Battling Covid -19 and Liquidity– The twin crisis of NBFC sector

While the health crisis has brought the country to its knees, the fatal blow seems to be coming our way from the economic effects of the Covid-19 pandemic. The exposure of the severely-stressed para banking industry to risky segments in these times has made it even more vulnerable to an economic slowdown.[1] With its asset quality deteriorating at an increasing rate, the liquidity in para banking industry has been squeezed off to its last drops.

The impact of the liquidity crisis across various classes of non-banking financial companies (“NBFCs”) may be analysed vis-à-vis the exposure it has towards the borrower segments whose economic activities have been severely impacted.  With the economic and consumption activities a bust in sectors such as real estate and micro-finance, the NBFCs with loan exposures in the said sectors will be hit the worst in the wave of this global pandemic. The increasing loan losses and inaccessibility to new capital is likely to exacerbate the liquidity stress.

A slew of measures have followed to rescue the para banking industry from the aggravated liquidity crisis that has been looming over the sector since the announcement of the COVID-19 regulatory relief package by the Reserve Bank of India (“RBI”) on March 27, 2020. This was supplemented with detailed instructions dated April 17, 2020 from the RBI with regard to asset classification and provisioning norms (“RBI Relief Package”) which was intended to alleviate borrower stress. As per the RBI Relief Package, the lending institutions inter alia NBFCs (including housing finance companies) were permitted to grant a moratorium of three months on payment of all instalments falling due between March 1, 2020 and May 31, 2020. Even this now stands extended by another three months i.e., from June 1, 2020 to August 31, 2020, vide the notification dated May 23, 2020 issued by the RBI. Primarily, NBFCs utilise the cash inflows from the payments made by their borrowers to repay the liability owed towards their lenders. Granting a moratorium to its borrowers on payment of loan instalments spells trouble for the sector as the NBFCs operate on very thin short-term liquidity on their balance sheets.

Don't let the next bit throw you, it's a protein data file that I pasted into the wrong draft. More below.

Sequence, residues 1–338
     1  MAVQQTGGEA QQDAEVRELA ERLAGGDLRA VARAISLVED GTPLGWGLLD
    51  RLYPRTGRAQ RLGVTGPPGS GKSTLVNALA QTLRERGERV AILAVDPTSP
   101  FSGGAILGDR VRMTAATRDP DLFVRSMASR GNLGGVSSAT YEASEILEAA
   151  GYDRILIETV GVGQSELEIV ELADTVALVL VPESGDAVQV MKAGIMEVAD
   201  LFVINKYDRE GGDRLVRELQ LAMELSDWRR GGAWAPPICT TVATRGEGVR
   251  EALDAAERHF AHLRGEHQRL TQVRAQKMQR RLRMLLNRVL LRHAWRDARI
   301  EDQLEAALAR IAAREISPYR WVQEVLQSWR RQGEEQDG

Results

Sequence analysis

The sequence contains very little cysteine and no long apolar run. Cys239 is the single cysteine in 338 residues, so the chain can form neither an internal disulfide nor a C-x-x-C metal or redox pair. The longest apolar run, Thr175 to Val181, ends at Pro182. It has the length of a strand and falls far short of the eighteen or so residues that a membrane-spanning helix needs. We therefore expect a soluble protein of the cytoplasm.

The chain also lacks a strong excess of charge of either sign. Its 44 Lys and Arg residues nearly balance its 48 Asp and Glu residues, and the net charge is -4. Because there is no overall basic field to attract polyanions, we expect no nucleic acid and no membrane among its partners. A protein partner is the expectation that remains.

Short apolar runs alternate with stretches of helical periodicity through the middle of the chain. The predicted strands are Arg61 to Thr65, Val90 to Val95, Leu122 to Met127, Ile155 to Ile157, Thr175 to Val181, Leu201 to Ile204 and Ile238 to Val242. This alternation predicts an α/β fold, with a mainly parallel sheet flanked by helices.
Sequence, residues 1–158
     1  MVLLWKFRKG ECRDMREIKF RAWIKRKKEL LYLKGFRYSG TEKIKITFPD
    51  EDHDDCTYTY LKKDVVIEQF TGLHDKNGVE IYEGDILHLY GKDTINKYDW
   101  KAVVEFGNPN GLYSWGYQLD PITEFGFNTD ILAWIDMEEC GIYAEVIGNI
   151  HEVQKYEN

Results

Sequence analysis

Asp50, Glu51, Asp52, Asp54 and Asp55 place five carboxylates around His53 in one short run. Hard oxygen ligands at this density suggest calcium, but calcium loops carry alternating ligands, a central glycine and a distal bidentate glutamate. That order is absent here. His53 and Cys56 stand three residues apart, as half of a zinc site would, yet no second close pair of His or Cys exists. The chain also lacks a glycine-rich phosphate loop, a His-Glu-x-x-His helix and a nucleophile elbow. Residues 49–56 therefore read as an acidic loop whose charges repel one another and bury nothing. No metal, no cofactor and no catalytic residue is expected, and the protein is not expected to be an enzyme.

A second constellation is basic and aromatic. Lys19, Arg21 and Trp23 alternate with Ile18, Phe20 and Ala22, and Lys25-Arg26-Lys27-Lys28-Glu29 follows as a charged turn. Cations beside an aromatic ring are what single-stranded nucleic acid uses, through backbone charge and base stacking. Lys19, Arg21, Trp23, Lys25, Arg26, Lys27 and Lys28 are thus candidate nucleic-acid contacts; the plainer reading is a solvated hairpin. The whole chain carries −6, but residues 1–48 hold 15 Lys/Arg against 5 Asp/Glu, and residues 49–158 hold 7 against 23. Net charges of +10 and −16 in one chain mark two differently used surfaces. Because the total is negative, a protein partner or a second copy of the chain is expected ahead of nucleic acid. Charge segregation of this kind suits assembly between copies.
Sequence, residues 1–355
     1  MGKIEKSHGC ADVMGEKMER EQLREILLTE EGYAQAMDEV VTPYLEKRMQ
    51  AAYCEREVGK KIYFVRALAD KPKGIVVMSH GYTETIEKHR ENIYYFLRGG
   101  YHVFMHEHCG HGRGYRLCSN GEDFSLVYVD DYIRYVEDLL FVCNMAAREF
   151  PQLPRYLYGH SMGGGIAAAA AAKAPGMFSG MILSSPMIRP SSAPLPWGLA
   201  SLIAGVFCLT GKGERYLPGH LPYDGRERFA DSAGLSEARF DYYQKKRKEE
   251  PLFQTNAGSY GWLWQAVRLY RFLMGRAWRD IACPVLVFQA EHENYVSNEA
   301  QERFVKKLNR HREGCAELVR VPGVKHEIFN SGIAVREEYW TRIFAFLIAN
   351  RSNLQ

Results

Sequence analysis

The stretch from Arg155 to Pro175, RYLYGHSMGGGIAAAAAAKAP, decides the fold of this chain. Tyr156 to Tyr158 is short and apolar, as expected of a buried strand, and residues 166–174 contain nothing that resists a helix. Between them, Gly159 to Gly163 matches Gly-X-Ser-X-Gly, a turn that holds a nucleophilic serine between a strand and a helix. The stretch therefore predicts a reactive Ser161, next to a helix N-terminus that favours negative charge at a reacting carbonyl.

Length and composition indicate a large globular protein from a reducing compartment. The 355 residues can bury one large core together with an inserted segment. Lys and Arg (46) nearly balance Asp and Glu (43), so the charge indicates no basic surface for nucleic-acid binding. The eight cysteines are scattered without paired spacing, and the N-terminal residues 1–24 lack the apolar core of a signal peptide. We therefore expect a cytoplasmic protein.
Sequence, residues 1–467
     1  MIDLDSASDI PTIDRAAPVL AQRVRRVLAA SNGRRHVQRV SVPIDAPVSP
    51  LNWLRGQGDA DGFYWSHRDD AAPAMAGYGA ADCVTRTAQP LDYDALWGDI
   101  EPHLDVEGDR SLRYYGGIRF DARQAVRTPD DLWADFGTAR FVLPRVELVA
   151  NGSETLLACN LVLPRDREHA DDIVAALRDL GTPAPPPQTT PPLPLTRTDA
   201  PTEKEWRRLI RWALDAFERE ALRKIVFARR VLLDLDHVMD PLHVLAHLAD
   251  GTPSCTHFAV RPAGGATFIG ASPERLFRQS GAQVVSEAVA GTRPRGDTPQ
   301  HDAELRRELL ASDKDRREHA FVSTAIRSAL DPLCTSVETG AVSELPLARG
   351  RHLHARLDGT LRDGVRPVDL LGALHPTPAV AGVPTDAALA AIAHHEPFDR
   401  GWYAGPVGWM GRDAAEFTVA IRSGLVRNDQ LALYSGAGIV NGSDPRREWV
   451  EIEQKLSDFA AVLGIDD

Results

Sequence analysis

Asset-Liability Mismatch

For a sector that was already stressed, the RBI Relief Package has delved yet another blow leaving it with a stark asset-liability mismatch.[2] While the NBFCs are directed to offer the moratorium to its debtors, its lenders have been reluctant to extend the same relief. The challenges are even more grave for NBFCs with high share of capital market borrowings because no moratorium has been announced for capital market borrowings (such as bonds and commercial paper) and repayments on these will have to be made on time, during a period when collections would be impacted significantly.[3]

A prayer for interim relief in respect of postponement of servicing of its commercial papers and bonds was sought in the Delhi High Court in the case of Indiabulls Housing Finance vs. Securities and Exchange Board of India[4], by the petitioners, in view of the moratorium granted to its borrowers in line with the RBI Relief Package. The writ petition was subsequently withdrawn but not without bringing to light the ailing NBFC sector. In another case, Indiabulls Housing Finance v HDFC Bank Limited[5], the HDFC Bank was permitted to appropriate the fixed deposit maintained by the petitioner towards the instalment which had become due during the moratorium period. This highlights the reluctance of the banks to offer any kinds of concessions on payment/ repayment by the NBFCs in terms of the RBI Relief Package.

The concern of the banks seems to be that if moratorium is granted to NBFCs, they will use the cash-flows saved up to meet their obligations in respect of capital market borrowings instead of on-lending. The bankers have been reading the fine print of the RBI Relief Package to exclude the NBFCs from the moratorium relief, asking them to instead utilise the RBI liquidity window at repo rate to meet their needs.[6] After many a push from the RBI, certain banks have only recently started considering the proposals of the NBFCs for moratorium on a case-to case basis, after ensuring due diligence on the genuineness of the request of the applicant.

Risk-aversion of Banks

The RBI, as a part of the RBI Relief Package, had also announced the Targeted Long-Term Repo Operations (“TLTRO”). The risk-averse banks utilised the money borrowed from the RBI at the reduced repo rate to invest only in debt securities of top-rated companies which were already flushed with cash, thus deflating the purpose of the RBI Relief Package.